No seniors are currently training the TTY, but Jay Jay Marshall, a U.S. junior, is training one and hopefully we’ll get to see her compete it someday! She had an incredible Amanar when she was 12, and though she had to kind of dial it back this year due to injury, she still showed super powerful DTYs this summer and I’d love to see her — or anyone, really — finally get a competitive triple.
Why does J.O. nationals have five or six national champions on each event? Do they have age categories? Is there a best ‘overall’ championships?
There are twelve age divisions at J.O. nationals, Junior A-F and Senior A-F, with Junior A being the youngest and Senior F being the oldest. The specific birthdates for each age division differ each year, but Junior A is usually girls around 10-11 while Senior F is around 18 or older. Each division has its own all-around, vault, bars, beam, and floor titles, so a total of 60 titles are awarded over J.O. nationals. They do not have a best ‘overall’ championships.
Do you know if Aleah Finnegan has any plans to qualify for elite?
As far as I know, she doesn’t want to do elite.
What is J.O.?
J.O. stands for Junior Olympic, which is the levels system in the U.S. Gymnasts compete at compulsory levels 1-5 (though most start at level 4, with the first three being kind of pre-team levels) and optional levels 6-10. It is entirely separate from the elite program, but a majority of gymnasts will have reached level 10 in J.O. by the time they’re ready to transition to the elite level (though a handful of elites, including Alyssa Baumann, have gone straight from level 9 to elite). Whereas most countries only have elite-track programs for competitive gymnasts, the U.S. has the J.O. track for gymnasts who want to compete but not at the extra expense/time commitment required by the elite level.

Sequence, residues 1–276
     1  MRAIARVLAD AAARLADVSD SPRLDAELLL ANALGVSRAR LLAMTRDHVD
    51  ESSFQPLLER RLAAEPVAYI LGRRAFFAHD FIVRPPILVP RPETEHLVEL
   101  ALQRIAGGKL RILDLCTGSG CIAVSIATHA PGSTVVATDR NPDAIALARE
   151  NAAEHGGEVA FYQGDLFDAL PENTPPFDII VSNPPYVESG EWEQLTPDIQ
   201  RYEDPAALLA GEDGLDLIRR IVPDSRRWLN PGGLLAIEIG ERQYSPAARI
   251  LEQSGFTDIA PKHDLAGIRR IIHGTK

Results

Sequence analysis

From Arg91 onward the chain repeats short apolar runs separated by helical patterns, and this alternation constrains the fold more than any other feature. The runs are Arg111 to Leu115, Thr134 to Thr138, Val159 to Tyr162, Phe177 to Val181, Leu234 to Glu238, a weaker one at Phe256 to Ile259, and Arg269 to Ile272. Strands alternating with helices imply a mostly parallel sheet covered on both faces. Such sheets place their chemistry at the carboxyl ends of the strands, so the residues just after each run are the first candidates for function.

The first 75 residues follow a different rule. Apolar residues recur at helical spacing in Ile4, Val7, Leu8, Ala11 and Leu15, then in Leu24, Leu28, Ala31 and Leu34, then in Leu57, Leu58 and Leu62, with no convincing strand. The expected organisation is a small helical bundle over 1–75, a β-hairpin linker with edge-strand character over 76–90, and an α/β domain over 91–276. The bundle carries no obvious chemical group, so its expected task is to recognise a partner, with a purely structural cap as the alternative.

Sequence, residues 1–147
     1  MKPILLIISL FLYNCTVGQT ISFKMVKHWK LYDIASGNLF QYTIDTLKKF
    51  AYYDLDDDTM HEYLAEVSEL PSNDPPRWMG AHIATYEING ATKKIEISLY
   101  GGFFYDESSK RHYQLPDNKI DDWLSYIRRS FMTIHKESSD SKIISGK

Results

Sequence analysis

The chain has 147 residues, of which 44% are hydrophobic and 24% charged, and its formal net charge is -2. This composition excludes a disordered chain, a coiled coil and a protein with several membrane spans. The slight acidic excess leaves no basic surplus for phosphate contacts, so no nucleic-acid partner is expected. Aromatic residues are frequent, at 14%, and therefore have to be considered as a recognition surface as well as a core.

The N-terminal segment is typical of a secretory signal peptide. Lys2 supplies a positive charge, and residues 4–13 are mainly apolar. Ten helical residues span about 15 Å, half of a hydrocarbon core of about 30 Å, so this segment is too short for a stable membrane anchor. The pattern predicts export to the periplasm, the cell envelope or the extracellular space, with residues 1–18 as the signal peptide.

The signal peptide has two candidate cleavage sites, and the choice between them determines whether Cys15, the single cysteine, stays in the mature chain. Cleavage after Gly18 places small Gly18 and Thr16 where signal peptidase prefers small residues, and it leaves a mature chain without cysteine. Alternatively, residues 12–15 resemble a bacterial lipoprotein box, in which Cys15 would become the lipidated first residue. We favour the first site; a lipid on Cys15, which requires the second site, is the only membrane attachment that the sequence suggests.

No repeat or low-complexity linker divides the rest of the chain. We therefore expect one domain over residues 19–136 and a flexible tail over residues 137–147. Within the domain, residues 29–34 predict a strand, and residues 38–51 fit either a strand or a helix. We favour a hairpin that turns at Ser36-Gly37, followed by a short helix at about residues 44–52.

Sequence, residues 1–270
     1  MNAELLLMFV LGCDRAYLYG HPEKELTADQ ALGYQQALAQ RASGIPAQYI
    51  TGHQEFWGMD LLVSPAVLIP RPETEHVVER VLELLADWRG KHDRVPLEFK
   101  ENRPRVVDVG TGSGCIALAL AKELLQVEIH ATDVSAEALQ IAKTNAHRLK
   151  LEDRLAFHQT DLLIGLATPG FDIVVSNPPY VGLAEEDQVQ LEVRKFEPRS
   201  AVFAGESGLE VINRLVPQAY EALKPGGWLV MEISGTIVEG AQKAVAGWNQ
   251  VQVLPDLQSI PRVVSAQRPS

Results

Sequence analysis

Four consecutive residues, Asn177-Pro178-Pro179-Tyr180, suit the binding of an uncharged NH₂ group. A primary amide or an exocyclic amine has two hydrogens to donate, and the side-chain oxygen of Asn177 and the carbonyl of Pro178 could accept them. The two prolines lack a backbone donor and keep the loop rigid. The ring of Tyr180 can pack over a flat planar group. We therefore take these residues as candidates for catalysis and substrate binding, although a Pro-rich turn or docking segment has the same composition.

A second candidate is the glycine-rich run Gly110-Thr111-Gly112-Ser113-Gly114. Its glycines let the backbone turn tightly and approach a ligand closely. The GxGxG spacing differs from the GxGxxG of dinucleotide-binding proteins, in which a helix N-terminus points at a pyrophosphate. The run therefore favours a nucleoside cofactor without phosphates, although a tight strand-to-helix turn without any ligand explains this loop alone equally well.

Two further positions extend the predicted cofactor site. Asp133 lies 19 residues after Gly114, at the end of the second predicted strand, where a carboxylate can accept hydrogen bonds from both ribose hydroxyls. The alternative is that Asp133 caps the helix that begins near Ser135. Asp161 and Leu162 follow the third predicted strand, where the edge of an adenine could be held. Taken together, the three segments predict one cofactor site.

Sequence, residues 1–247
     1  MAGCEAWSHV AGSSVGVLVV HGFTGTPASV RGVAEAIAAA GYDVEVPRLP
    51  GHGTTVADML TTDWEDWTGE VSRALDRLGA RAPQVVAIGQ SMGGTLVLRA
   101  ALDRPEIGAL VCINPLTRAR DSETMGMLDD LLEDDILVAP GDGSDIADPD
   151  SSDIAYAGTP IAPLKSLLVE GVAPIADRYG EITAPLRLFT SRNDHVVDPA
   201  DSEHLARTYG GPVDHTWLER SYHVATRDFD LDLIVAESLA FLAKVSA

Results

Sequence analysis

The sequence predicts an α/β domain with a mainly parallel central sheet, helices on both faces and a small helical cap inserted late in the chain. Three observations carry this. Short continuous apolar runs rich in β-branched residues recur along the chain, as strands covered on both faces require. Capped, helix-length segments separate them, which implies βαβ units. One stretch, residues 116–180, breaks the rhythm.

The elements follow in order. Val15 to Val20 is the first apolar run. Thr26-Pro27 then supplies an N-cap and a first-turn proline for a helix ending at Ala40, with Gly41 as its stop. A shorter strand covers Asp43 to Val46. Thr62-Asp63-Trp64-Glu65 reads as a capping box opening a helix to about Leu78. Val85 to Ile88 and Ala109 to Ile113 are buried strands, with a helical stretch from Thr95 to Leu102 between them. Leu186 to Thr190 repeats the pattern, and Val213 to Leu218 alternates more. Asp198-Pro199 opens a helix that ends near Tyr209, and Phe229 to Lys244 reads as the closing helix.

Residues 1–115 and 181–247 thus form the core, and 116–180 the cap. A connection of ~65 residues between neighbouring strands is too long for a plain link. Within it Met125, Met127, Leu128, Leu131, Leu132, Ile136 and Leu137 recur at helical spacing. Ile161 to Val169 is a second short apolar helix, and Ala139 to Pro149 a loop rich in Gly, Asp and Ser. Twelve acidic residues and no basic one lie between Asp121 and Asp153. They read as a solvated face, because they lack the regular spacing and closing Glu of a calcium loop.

Was Elisa Meneghini training a G-rated full-in beam dismount and a double double on floor?
I didn’t ever see her training a full-in beam dismount, but she did compete a layout full on beam, which is also a G skill and that’s probably what you’re thinking of unless I completely missed that whole dismount situation…but I’m pretty sure she never did, aside from maybe throwing it into the pit or something. I’m also not sure if she trained a double double on floor…again, maybe in the gym, but it was never competition-ready.
Which country do you feel has the best floor music overall for its gymnasts?
Hmmmmm…I tend to really enjoy the floor music from Belgium, because it’s unexpected and fun. Lots of songs you’d recognize but wouldn’t really know what they are, which gets people super into them. I was watching an episode of Mad Men once and was like “omg, Axelle Klinckaert’s music!” which was my favorite. Their artistic program apparently ‘borrows’ a lot of routine ideas from acro, but hey, that’s fine with me if it means they’re bringing something fun and interesting to the table. I have similar feelings about France…they tend to be super enjoyable on floor as well, and same for the Netherlands. Of course, these are my personal favorites. If you enjoy a different style, you’ll probably have other favorites!
Would it be far-fetched to assume that gymnasts who train in the same gym develop similar body types?